Irish Sea and Sellafield
The Irish Sea, and Sellafield

Date completed: 15th September 2015.

Weather conditions: Pretty decent for most of the way round though I got caught in drizzle when coming down Blengdale in the afternoon, some of which was heavy. That made it the first even slightly wet Lakes walk since walk 92 in January.

View south to Kinmont Buck Barrow
Looking south from Cold Fell. Kinmont Buck Barrow is the excrescence on the horizon.

Summits bagged: Cold Fell (961’ above sea level) and Ponsonby Fell (1033’). Each has its own chapter in volume 8. Neither bagged before, so these are numbers 315 and 316 of the full round of 330 Wainwrights.

Start and end points: Started at Egremont, specifically the roundabout to the south of town on the A595, served by #30 buses which run every half hour from Whitehaven train station. I just managed to catch the 10.50ish bus from Whitehaven which got me walking from about 11.15.

Ended in Gosforth, In theory there are buses from here back to Egremont/Whitehaven, and also to Seascale train station. However, at the moment, the last scheduled service on a weekday appears to be about 2.35pm. The walk took me about 5:30, so to make this service you need to be leaving Egremont by 9am. I stayed over in the area tonight so it didn’t matter, but anyone wanting to do this on a day trip by public transport needs to already live in West Cumbria. [Postscript: Buses to Gosforth have now disappeared entirely.]

Distance walked: Can’t do more than a rough approximation for this one, but I’m going with about 13 miles.

Seascale beach
Seascale beach at sunset. A benefit of staying over.

Total ascent: Again an approximation, but let’s say about 1600 feet.

Pub at end: In the first instance, the Gosforth Hall Inn, on the western edge of the village.  A whole complex of buildings, with various accommodation barns, and probably does a roaring trade with weddings once a week: however, on my visit it seemed quiet. Decent beer.

I stayed in Seascale tonight so also patronised La Vista brasserie at the Calder House Hotel. This was a rather weird place that clearly subsists entirely on putting up Sellafield contractors and visitors. No complaints about the beer but my meal was vastly overpriced for what was, in the end, a bunch of stuff taken out of the freezer. Great sunset views, though. (See picture.)

Haycock from Cold Fell
Caw Fell (left) and Haycock from Cold Fell.

Route:  Although unexciting, and with one or two tedious stretches, this walk was in many ways better than I thought it would be from a perusal of these fells’ chapters in volume 8.  The section of road walking between Cold Fell and Stakes Bridge is a drag but closer inspection of the map reveals a right of way between Beckcote Farm and the bridge that I missed on my walk and which may improve matters.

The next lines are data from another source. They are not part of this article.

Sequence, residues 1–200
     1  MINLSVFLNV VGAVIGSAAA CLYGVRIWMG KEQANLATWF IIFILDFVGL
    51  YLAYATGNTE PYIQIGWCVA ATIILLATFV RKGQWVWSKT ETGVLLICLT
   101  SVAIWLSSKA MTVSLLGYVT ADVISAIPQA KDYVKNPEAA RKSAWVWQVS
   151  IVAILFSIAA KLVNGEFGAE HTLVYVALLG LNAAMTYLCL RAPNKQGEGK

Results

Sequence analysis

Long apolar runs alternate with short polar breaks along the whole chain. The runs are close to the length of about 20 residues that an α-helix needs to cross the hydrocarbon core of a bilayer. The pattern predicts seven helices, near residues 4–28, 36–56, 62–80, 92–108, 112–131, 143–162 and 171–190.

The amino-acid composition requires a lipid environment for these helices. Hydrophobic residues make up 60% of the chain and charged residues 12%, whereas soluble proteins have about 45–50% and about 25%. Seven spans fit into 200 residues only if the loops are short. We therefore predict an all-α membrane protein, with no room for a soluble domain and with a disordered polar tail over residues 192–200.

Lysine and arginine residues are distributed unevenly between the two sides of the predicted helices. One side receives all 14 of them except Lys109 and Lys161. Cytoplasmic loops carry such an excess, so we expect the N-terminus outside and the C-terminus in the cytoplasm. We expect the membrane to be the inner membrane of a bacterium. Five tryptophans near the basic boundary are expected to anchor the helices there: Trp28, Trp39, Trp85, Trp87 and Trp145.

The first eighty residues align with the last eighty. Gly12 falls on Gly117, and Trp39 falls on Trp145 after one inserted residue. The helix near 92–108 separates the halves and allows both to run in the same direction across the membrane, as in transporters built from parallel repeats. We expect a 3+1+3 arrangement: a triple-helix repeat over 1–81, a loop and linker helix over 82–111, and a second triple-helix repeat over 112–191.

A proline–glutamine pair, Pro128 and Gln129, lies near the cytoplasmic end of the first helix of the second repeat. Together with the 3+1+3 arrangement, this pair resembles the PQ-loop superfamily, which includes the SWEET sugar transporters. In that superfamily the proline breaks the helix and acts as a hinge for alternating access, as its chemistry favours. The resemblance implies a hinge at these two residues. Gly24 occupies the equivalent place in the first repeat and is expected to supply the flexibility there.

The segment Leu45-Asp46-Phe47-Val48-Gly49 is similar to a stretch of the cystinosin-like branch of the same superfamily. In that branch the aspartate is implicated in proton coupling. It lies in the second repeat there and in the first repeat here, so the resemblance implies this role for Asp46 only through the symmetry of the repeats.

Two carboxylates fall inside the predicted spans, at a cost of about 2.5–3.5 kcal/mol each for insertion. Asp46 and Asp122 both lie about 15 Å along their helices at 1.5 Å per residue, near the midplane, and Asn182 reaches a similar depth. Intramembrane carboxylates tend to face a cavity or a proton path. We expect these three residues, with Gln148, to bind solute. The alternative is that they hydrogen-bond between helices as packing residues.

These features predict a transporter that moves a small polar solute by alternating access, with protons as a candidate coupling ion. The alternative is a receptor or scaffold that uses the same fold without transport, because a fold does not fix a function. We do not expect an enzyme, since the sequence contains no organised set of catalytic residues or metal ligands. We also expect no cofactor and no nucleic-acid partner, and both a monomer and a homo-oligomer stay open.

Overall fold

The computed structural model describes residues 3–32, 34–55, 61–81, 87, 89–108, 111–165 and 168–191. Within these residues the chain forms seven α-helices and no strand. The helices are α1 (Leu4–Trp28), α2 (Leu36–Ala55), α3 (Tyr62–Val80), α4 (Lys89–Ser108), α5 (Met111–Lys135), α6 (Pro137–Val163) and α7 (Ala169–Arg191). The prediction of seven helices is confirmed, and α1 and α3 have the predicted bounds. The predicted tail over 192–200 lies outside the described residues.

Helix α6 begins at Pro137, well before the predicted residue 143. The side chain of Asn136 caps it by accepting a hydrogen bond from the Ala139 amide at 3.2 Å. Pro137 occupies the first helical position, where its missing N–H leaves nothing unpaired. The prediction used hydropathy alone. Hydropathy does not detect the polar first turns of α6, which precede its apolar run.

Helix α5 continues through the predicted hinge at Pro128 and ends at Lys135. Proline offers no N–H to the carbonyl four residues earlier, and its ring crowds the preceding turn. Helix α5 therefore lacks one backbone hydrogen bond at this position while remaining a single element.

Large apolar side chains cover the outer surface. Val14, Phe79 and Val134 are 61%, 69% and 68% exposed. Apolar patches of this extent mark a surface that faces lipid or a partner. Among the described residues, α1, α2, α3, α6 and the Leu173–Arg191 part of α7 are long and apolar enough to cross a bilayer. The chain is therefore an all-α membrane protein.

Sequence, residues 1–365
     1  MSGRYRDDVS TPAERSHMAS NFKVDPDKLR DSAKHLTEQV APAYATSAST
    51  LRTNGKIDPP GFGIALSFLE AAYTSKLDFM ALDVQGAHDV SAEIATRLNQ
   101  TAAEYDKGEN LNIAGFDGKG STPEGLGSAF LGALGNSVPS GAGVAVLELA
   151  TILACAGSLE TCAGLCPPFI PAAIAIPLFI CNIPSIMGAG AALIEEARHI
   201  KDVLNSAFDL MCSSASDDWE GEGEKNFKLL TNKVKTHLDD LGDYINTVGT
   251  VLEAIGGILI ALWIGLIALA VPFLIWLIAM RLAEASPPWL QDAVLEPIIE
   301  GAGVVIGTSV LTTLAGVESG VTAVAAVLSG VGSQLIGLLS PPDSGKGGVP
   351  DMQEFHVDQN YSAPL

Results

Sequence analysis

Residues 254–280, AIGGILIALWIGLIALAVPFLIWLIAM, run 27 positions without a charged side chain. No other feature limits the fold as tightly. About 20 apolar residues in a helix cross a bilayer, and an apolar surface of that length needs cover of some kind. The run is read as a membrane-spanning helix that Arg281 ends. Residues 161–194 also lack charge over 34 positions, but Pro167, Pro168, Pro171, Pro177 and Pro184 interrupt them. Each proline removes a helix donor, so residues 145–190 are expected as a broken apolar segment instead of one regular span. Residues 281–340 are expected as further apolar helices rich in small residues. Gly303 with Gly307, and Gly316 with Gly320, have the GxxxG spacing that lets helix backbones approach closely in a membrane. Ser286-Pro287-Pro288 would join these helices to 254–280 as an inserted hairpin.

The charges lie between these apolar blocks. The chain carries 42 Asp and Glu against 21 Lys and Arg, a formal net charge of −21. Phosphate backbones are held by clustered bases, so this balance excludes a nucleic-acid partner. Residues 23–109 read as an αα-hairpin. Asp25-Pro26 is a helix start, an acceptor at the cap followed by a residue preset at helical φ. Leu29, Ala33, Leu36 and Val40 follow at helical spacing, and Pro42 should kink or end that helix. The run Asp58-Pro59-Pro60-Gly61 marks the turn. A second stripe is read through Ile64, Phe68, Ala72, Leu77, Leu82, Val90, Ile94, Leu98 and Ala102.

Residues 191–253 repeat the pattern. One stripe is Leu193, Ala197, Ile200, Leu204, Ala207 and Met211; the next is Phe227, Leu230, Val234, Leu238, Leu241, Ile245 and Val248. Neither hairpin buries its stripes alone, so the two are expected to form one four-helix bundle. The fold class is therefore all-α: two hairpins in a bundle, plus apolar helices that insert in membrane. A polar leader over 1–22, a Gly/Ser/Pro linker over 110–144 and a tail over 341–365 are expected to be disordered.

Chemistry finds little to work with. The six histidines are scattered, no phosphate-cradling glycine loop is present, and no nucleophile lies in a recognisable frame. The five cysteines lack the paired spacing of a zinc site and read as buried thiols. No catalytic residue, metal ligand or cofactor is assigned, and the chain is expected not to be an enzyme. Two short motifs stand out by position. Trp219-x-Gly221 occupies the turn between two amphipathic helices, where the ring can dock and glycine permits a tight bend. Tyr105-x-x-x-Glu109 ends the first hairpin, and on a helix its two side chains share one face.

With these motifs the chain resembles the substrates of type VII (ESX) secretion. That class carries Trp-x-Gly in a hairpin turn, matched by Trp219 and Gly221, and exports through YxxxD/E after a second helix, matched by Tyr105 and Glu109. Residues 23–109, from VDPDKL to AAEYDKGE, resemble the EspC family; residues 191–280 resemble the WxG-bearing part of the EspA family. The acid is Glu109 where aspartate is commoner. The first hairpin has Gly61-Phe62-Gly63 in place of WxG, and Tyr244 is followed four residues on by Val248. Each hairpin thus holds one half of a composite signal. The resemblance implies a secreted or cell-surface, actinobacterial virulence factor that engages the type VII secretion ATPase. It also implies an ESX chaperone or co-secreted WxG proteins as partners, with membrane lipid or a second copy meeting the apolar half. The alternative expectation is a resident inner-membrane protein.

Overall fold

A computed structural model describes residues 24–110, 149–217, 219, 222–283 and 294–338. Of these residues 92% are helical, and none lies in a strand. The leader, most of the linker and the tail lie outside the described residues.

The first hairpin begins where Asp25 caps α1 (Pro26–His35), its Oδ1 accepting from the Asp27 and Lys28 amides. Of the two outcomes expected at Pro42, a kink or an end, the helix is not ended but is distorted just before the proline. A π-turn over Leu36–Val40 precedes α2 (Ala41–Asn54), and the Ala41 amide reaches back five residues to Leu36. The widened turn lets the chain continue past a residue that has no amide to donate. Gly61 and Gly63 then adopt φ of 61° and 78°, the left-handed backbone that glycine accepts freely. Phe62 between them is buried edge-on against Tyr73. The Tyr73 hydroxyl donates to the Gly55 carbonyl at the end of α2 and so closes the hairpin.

Other than that, it is worth doing for the fine views — though those who care about these things should realise this is the nearest of all my walks to Sellafield, of which you do get something of an eyeful most of the way round (though it’s by no means wholly ugly, and certainly is better to look at than that quarry in Elterwater which defaced walk 104A the other week). I also saw a lot of wildlife today, including a deer (in Blengdale), hares and birds of prey. The final reason to do it is utter solitude.

The Farmery
The picturesque ruin of ‘The Farmery’. Ponsonby Fell behind.

Get the bus driver to drop you at the roundabout on the A595 which is to the south of Egremont town centre, head up the road past Florence Mine (now an arts centre), signposted Wilton, at least, it will be if they have fixed the sign properly — and just stay on that road for the next 3.5 miles. This is the same beginning as walk 28, and leads on quiet roads, with plenty of blackberries in season, to Coldfell Gate.

Here, cross both cattle grids then take the path bearing left. I stuck with this for a couple of hundred yards until it went through a gate, at which point I struck out for the summit to the right, but I don’t think it makes a great deal of difference — Cold Fell is simply a gently rising grassland with no hazards. It does have a good view, of the western hinterland of the Lakes (Lank Rigg round to Haycock and Seatallan) and south to Black Combe, but the summit is flat and a bit boggy, so if you want to sit down and enjoy it, go over and sit on the nearby wall. This is the nearest of all the Wainwright summits to Sellafield.

Coldfell Gate
Sheep at Coldfell Gate

A possible route for the walk here is to head back north then bear right through the valley of Worm Gill and round to Scalderskew (see below). This would be a wilder and more remote route but I don’t know whether the gill can be forded where indicated on the map. [Postscript: as I discovered on walk 197, the gill can just about be forded safely — but you’ll get your feet wet.] So I took the coward’s way out and descended back to the unfenced Coldfell road by heading straight for the power station and then bearing a little to the right. This then descended down, on tarmac, to a staggered junction near the ruins of Calder Abbey, which are nothing to particularly write home about; here turn left up a road signed as a cul-de-sac. (See also the note above about a potential, non-road alternative to this stretch.)